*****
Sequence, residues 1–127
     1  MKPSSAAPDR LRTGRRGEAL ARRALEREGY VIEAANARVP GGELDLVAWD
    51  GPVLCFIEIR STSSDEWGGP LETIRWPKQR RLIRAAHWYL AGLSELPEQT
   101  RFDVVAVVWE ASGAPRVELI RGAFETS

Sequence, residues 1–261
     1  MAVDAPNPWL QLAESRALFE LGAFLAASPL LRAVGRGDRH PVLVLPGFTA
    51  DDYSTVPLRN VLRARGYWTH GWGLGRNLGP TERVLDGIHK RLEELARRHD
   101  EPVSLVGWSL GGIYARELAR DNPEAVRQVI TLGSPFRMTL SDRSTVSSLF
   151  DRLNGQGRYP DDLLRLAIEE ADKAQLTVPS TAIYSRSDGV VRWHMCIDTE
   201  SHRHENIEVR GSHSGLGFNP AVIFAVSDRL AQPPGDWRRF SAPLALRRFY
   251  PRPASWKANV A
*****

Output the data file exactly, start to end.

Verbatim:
Sequence, residues 1–127
     1  MKPSSAAPDR LRTGRRGEAL ARRALEREGY VIEAANARVP GGELDLVAWD
    51  GPVLCFIEIR STSSDEWGGP LETIRWPKQR RLIRAAHWYL AGLSELPEQT
   101  RFDVVAVVWE ASGAPRVELI RGAFETS

Sequence, residues 1–261
     1  MAVDAPNPWL QLAESRALFE LGAFLAASPL LRAVGRGDRH PVLVLPGFTA
    51  DDYSTVPLRN VLRARGYWTH GWGLGRNLGP TERVLDGIHK RLEELARRHD
   101  EPVSLVGWSL GGIYARELAR DNPEAVRQVI TLGSPFRMTL SDRSTVSSLF
   151  DRLNGQGRYP DDLLRLAIEE ADKAQLTVPS TAIYSRSDGV VRWHMCIDTE
   201  SHRHENIEVR GSHSGLGFNP AVIFAVSDRL AQPPGDWRRF SAPLALRRFY
   251  PRPASWKANV A